Christmas is a-comin’, and soon a certain political element will revive talk of a “war on Christmas.” There may be a concerted effort to drop the word “Christmas” in favor of “holiday.” Is it a war? Probably not.
But clearly a war is raging, a war on knowledge at the top levels of government. And of some religions. It has been raging for quite a while and has ramped up since Jan. 20.
One might want to believe that in this era of technology (read science and engineering) everyone would prize knowledge. One might want to believe that in a world in which knowledge is power everyone would prize knowledge.
The war on knowledge surfaced in 1996, in Washington at least, when the Centers for Disease Control released a study that showed homicide far more common in houses in which people kept guns. The National Rifle Association ordered Congress to deny the CDC any more money for research into gun violence. Congress obeyed, in the person of Rep. Jay Dickey, a Republican from Arkansas. His measure forbade the CDC to spend money “to advocate or promote gun control.” The timid folks atop the CDC took the easy way out and stopped researching gun violence as a public health issue.
I don’t want to ban firearms. But one might believe that the NRA and Congress would want all the information they could get on how to make guns safer. Safer guns might reduce the pressure to ban guns altogether. Folks are going to keep guns in their homes. No way around that. Some folks are careless. No way around that. One might want to believe that if we knew more about how folks die, we could teach people how better how to store and handle their firearms at home.
In October, the Environmental Protection Agency forbade three of its scientists to speak at a conference in Rhode Island. They were to present scientific findings on the effect of climate change on Narragansett Bay. The ban was confirmed by John Konkus, the EPA’s deputy director of public affairs. That’s a title that a wag might say means assistant flak.
But, Konkus’s power goes beyond mouthing platitudes in press conferences. He also reviews all awards of grants by EPA and has denied some. His background for that job, which one might want to believe would require scientific knowledge, is having been the Leon County (Tallahassee) campaign manager for the Orange Guy in the 2016 campaign.
Oh, yeah. The EPA helped to fund the conference in Rhode Island, right up until the three scientists were ready to board the Acela for Providence.
Public debate on climate change has long been one-sided. For about eight years, human activity seemed to be the only officially tagged cause of climate change. Now, it seems that not only is human activity not officially part of the cause but a good many people in power deny that climate change even exists. They should ask the polar bears.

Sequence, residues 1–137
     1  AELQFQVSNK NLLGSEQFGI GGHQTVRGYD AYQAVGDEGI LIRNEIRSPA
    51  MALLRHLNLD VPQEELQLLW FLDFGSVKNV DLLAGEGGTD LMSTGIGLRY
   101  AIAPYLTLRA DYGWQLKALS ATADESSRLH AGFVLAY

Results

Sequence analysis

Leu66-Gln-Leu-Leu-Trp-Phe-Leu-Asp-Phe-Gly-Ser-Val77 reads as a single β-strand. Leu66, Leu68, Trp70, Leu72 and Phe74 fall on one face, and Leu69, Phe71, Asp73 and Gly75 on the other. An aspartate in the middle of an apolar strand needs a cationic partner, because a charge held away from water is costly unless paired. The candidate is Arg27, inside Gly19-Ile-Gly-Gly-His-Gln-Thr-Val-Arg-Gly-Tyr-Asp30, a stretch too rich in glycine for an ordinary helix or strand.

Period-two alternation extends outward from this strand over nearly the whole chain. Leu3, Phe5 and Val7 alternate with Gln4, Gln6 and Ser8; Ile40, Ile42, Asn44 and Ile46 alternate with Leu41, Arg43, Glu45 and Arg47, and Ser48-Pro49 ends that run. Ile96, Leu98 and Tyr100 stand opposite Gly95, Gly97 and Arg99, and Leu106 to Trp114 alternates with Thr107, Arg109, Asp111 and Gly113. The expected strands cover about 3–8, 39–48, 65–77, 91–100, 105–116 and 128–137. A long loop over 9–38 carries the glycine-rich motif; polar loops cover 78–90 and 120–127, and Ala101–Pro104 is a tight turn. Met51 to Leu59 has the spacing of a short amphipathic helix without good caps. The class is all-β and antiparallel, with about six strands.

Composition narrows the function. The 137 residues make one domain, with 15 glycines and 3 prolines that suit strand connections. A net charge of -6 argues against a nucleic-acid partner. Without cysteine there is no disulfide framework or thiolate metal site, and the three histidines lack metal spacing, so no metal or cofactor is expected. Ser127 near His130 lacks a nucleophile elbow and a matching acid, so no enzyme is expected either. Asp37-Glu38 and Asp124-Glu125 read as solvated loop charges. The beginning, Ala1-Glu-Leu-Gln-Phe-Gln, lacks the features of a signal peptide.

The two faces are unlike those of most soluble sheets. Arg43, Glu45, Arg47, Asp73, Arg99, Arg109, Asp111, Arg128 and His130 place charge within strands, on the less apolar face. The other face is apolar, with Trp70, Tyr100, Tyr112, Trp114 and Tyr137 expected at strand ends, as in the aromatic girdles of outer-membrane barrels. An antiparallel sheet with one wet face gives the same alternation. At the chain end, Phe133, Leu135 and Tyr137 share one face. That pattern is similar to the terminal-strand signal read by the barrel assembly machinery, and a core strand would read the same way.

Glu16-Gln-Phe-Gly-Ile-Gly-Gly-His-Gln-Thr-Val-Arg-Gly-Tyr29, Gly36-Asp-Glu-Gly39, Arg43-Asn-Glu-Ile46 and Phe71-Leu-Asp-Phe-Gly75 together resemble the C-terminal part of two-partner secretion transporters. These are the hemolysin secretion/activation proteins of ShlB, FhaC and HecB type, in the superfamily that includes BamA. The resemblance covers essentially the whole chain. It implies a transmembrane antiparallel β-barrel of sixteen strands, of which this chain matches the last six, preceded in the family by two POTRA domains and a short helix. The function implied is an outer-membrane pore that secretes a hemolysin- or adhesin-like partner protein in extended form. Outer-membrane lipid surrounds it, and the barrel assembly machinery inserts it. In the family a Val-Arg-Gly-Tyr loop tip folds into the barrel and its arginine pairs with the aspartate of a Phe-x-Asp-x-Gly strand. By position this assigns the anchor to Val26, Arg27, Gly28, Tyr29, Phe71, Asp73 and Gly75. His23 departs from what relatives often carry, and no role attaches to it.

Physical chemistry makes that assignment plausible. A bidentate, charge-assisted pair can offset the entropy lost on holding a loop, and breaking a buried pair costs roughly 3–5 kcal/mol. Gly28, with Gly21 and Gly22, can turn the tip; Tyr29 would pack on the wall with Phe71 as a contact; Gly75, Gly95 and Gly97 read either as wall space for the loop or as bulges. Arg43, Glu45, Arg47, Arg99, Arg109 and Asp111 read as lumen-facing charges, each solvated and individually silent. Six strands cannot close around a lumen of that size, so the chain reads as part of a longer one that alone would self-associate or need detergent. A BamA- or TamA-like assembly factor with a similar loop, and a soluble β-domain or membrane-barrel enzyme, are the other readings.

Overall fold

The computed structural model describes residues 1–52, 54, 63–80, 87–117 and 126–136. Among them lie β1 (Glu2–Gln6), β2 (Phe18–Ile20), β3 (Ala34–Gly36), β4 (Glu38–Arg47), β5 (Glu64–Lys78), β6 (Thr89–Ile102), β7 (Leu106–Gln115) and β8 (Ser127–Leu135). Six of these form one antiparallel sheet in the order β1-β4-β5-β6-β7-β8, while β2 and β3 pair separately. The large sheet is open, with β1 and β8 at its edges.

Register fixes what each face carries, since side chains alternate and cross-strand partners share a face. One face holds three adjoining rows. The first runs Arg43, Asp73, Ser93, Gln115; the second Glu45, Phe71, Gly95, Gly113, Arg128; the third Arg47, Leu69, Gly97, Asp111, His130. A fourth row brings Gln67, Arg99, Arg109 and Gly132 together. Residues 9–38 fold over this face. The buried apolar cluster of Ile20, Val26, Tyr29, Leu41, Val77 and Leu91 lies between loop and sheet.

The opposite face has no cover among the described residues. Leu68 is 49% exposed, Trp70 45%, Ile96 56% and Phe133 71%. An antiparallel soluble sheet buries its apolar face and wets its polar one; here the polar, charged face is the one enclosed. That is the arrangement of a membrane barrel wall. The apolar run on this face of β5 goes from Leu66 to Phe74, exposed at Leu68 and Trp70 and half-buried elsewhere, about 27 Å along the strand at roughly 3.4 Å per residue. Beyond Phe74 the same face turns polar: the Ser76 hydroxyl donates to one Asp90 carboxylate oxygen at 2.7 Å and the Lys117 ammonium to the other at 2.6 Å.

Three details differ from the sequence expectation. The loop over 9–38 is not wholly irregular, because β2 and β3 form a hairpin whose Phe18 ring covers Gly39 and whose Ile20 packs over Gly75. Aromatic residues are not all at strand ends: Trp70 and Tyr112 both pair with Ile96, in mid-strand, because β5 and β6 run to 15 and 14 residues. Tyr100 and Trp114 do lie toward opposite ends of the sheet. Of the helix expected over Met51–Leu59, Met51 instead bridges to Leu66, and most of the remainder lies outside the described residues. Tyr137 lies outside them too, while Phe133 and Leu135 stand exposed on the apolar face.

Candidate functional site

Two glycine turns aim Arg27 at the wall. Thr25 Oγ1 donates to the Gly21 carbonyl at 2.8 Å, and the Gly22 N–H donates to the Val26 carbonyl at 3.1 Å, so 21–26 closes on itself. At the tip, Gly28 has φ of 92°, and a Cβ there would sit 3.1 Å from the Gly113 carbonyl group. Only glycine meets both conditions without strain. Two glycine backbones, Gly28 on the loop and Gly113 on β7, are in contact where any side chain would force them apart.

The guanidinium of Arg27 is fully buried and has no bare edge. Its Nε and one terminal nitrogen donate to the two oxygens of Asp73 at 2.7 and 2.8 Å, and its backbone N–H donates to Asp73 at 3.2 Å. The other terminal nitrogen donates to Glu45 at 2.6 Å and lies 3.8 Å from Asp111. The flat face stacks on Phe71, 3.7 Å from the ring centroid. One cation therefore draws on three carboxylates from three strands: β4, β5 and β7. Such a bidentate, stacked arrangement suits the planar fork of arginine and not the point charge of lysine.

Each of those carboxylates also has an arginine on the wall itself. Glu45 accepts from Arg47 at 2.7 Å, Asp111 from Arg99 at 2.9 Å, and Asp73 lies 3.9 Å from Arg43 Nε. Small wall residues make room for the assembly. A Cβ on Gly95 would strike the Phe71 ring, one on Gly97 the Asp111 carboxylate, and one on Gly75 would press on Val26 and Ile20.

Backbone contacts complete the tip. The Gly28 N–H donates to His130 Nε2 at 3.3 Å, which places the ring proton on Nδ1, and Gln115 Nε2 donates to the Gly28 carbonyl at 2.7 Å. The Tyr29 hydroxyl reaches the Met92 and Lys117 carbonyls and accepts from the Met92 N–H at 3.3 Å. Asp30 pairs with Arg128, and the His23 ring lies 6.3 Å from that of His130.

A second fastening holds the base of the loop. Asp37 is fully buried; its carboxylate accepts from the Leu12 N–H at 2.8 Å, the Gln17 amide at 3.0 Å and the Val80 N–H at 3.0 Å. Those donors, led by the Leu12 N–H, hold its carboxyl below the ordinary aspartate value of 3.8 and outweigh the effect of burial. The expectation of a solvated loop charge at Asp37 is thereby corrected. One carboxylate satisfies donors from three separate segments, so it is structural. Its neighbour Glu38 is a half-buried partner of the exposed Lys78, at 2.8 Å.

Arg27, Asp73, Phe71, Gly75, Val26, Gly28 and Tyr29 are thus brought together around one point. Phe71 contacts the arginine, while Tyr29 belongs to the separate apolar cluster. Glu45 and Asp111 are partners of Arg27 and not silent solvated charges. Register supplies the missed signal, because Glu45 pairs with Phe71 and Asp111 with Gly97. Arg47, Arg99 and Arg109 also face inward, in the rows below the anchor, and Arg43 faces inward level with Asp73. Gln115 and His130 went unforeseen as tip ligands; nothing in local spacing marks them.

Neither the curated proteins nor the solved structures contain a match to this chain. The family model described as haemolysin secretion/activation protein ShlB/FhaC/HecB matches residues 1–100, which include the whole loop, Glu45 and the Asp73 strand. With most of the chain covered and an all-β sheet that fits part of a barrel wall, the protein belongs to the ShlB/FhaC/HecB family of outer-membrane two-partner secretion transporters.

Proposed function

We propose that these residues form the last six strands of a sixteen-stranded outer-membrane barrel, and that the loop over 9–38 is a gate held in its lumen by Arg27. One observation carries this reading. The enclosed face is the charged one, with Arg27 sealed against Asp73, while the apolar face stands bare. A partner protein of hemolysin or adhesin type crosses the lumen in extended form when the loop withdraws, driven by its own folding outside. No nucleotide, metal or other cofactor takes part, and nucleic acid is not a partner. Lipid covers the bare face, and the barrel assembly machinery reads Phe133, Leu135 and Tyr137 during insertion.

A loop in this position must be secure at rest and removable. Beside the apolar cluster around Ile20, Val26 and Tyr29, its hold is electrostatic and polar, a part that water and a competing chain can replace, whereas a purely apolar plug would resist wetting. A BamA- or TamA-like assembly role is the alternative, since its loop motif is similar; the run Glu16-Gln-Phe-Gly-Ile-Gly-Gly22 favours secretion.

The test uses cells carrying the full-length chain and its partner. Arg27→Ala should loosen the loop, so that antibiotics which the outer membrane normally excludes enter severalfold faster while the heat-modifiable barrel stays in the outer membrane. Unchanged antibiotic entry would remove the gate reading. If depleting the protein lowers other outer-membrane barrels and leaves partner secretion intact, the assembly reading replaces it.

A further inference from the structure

One might want to believe that we should learn all we can about our climate, regardless of how comfortable or uncomfortable it makes us. One might want to believe that the more we know the more say we could have over how humans respond to climate change.
Knowledge isn’t a no-no only in government. Ask any of your atheist friends and you might get an earful on how religion rejects science and all other knowledge. Yes, but . . .
Many believers call the Bible “inerrant,” that it holds all answers to all questions for all time. Others believe the Bible answers a great many of our questions about how to treat one another, how to view time — does our time end when we end or does our time go on in some other dimension? — and how to make ourselves better people.
Call it hard-liners and pragmatists. Hard-liners take a “biblical worldview.” Molly Worthen, a history professor and columnist for The New York Times, wrote, “Two compulsions have guided conservative Protestant intellectual life: the impulse to defend the Bible as a reliable scientific authority and the impulse to place the Bible beyond the claims of science entirely.”
Stands to reason. If all you need to know about science and the world is within the covers of one book, then you don’t need to learn anything else. It isn’t a long walk from that point to believing that everything outside that book is false. Why learn what is false?
But that sorta overlooks all that science and other quests for knowledge have learned since the Bible was last rewritten. Dean Nelson, who teaches journalism at Point Loma Nazarene University, told Worthen he sees no way to teach “Christian journalism” or for anyone to teach “Christian mathematics.” These fields didn’t exist in Bible-writing time.
One might want to believe, as one sits in one’s recliner (post-Bible invention) and streams a Netflix (post-Bible) series about advertising (post-Bible) or about a sheriff in Wyoming (post-Bible) while nibbling a takeout pizza (post-Bible) and working the crossword (post-Bible) in the newspaper (post-Bible) that one might appreciate all that civilization has accomplished post-Bible. And might wish for humans to keep looking for knowledge that will permit us to accomplish even more.
Dream on, apparently.
Count Bob Neal among the pragmatists who believe that when it comes to knowledge, the more the merrier.